The American Petroleum Institute announced on May 15 that the Caterpillar Oil Aeration Test, or COAT, was again available for candidate oil testing and that it was ending provisional licensing associated with that test 12 months after it was invoked.
The end of provisional licensing on the test is consistent with Paragraph 6.7 of API 1509.
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The Caterpillar surveillance team said it spent significant effort to get this test, which is standardized as ASTM D8047, back in service, delivering operationally valid results so that it can be referenced and be used to approve candidate oils. The surveillance panel communicates to API, which notifies all licensees and sends a notice to the API Lubricants group.
New programs for diesel engine oil standards API CK-4 and FA-4 were already in place when the industry became aware of inconsistent results between labs, which meant that the test would become unavailable while the surveillance team worked to bring the test into compliance. This test also had wide base oil interchange and viscosity grade read across rules so that additive companies and marketers could generate approved formulations based on programs that were already completed.
Any new programs that did not have a valid COAT result could have been impacted since May of last year, and they now have six months to secure a passing result. This issue is not expected to impact the market. Additive companies already understood the technology needed to deliver passing results. If there were programs in progress, they would be expected to pass the test now that it is back in service.
API also plans to remove provisional licensing from ILSAC GF-5 oils, Kevin Ferrick, API’s director of product programs, told Lube Report. With Sequence VIE BOI/VGRA now approved, provisional licensing for ILSAC GF-5 will come to an end this week, and all tests needed to maintain current categories are in place to remove provisional licensing for both passenger car and heavy-duty engine oils.
On March 1, 2017, the Sequence VID fuel economy test became unavailable because the test ran out of acceptable test engines. Unlike the COAT tests situation, the lubricants industry needed to replace this test using the Sequence VIE, which is the new test being developed for ILSAC GF-6. Replacing an old test is complex because the industry must develop and agree on equivalent test limits. There would also be a desire to have similar rules in place for base oil interchange and viscosity grade read across. So it would take some time.
Two groups were crucial to resolving these issues – the Category Life Oversight Group and the API Base Oil Interchange/Viscosity Grade Read Across task force. Both worked on the new test to develop equivalent test limits and BOI/VGRA rules, to allow the new Sequence VIE to fully replace the old Sequence VID. At one point the industry was also concerned that multiple tests used for API SN/Resource conserving or ILSAC GF-5 could become unavailable. That meant the industry had to deal with issues such as fuel or consistent performance of the Sequence VG Sludge test or IIIG oxidation and deposit test, which was also running out of parts and running very severe. The new Sequence IIIH was approved before the Sequence IIIG became unavailable or declared out of control, and CLOG managed other tests to ensure that both API S and C categories were properly maintained.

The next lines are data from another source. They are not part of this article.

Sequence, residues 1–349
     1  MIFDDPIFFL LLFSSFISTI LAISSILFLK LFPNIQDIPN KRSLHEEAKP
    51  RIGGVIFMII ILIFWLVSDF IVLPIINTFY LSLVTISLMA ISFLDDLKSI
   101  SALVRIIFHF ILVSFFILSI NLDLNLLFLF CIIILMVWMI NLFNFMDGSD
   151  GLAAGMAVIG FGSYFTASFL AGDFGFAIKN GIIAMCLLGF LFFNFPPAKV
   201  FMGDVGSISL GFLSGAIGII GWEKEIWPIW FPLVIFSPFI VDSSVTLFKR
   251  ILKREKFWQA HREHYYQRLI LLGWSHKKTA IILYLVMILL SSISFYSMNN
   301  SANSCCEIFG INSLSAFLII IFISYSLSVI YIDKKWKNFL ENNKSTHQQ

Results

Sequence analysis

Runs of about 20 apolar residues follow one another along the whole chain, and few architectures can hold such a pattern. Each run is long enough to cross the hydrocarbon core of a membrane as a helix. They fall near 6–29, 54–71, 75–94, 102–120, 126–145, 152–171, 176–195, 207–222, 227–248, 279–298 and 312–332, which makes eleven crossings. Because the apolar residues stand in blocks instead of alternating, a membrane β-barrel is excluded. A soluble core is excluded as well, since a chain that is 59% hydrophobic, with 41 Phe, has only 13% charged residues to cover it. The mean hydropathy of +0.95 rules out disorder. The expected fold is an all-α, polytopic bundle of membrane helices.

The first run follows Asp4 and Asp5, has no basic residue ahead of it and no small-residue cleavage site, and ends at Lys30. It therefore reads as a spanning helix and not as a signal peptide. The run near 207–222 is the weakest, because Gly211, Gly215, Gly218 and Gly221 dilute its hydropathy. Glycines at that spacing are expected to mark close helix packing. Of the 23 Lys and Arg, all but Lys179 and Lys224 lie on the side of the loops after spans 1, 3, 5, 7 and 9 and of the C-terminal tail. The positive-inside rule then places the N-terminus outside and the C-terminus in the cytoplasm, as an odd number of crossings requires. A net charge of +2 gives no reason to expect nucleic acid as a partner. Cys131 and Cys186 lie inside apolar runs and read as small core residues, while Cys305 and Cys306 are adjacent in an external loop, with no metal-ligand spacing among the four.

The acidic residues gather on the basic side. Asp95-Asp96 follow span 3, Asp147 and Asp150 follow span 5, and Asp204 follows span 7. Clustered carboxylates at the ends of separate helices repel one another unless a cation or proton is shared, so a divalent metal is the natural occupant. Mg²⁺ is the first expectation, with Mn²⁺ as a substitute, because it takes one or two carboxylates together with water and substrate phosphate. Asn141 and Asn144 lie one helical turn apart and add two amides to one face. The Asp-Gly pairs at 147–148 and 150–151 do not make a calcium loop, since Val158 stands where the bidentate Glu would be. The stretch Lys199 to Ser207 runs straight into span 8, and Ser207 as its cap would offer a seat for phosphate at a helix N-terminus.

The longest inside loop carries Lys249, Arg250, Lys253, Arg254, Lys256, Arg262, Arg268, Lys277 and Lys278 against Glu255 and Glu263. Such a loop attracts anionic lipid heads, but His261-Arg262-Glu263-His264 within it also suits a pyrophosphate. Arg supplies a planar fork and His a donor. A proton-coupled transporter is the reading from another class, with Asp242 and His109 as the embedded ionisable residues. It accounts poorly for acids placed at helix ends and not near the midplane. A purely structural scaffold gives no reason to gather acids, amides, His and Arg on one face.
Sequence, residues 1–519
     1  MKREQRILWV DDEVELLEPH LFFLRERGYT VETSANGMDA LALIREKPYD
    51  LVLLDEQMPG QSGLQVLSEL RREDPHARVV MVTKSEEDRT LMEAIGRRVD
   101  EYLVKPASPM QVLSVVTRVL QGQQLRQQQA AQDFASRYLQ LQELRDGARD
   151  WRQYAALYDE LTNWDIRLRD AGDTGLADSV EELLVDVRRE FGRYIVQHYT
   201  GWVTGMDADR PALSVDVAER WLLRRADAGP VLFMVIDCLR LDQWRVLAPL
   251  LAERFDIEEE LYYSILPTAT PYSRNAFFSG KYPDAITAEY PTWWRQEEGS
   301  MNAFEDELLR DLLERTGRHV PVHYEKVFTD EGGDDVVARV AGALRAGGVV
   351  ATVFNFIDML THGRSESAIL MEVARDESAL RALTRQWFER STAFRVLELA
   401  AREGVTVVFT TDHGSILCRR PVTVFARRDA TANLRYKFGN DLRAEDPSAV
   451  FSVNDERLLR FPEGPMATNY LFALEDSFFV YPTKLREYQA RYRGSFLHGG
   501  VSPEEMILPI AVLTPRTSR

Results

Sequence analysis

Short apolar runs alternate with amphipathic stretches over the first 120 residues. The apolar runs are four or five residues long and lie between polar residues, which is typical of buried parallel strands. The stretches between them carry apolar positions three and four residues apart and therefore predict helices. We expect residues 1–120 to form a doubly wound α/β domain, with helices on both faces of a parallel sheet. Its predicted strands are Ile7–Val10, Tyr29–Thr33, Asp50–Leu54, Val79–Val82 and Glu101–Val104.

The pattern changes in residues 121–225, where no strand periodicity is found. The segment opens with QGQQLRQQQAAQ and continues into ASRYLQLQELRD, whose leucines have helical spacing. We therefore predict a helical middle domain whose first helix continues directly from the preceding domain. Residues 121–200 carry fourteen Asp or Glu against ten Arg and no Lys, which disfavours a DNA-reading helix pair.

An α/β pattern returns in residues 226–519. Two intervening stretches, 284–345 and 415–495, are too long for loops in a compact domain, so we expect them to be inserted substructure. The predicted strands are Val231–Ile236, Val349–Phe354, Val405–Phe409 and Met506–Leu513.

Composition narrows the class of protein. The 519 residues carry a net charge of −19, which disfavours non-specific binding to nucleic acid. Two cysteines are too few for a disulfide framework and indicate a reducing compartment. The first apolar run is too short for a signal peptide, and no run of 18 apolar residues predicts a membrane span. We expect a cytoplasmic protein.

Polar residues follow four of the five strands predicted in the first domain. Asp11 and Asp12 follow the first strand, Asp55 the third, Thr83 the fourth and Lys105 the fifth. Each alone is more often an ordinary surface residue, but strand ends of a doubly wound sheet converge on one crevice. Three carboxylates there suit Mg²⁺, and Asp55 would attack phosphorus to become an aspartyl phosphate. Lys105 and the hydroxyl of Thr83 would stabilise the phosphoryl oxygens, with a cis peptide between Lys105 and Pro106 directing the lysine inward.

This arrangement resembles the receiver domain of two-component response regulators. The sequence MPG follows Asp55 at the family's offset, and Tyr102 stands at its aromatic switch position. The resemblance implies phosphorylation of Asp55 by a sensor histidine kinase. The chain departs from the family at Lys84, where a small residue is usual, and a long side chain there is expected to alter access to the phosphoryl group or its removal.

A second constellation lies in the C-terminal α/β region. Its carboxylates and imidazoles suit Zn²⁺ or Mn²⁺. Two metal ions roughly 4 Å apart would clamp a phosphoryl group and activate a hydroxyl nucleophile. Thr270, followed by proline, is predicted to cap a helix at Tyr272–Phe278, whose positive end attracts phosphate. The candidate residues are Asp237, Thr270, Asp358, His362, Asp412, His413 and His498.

Commercially, the sequence VID issue likely had greater impact because the industry was dealing with changes to GMs Dexos1-Gen 2 that would be mandated by the end of August 2017 and the need to manage industry concerns around low-speed pre-ignition. The latter necessitated the need for a supplemental category call API SN plus, with its first allowable use implemented on May 1, 2018. This means the industry probably has many more products that must now put into full compliance to resolve provisional licenses for passenger car products, as compared to heavy-duty products that were impacted by the COAT test.
“Industry has done a great job managing issues around older engine tests that have reached the end of their life or have had operational issues,” Ferrick said. “Although API had to invoke provisional licensing in two cases, we were able to ensure that API licensing was maintained for all active categories, and we will now work with those impacted by the COAT or Sequence VID to ensure that licenses are updated as needed.”
This experience also highlights the importance of monitoring engine test life and its impact on both current and older API categories. Once two or more tests become unavailable, oils can no longer become licensed, and the category would become obsolete. The CLOG team has made all key recommendations on all older gasoline tests, but now must work on a replacement for the Navistar engine oil aeration test (also known as HEUI or hydraulically actuated, electronically controlled unit injector) used by older heavy-duty API categories. Getting the COAT test back in place will aid this task before the older test is no longer available.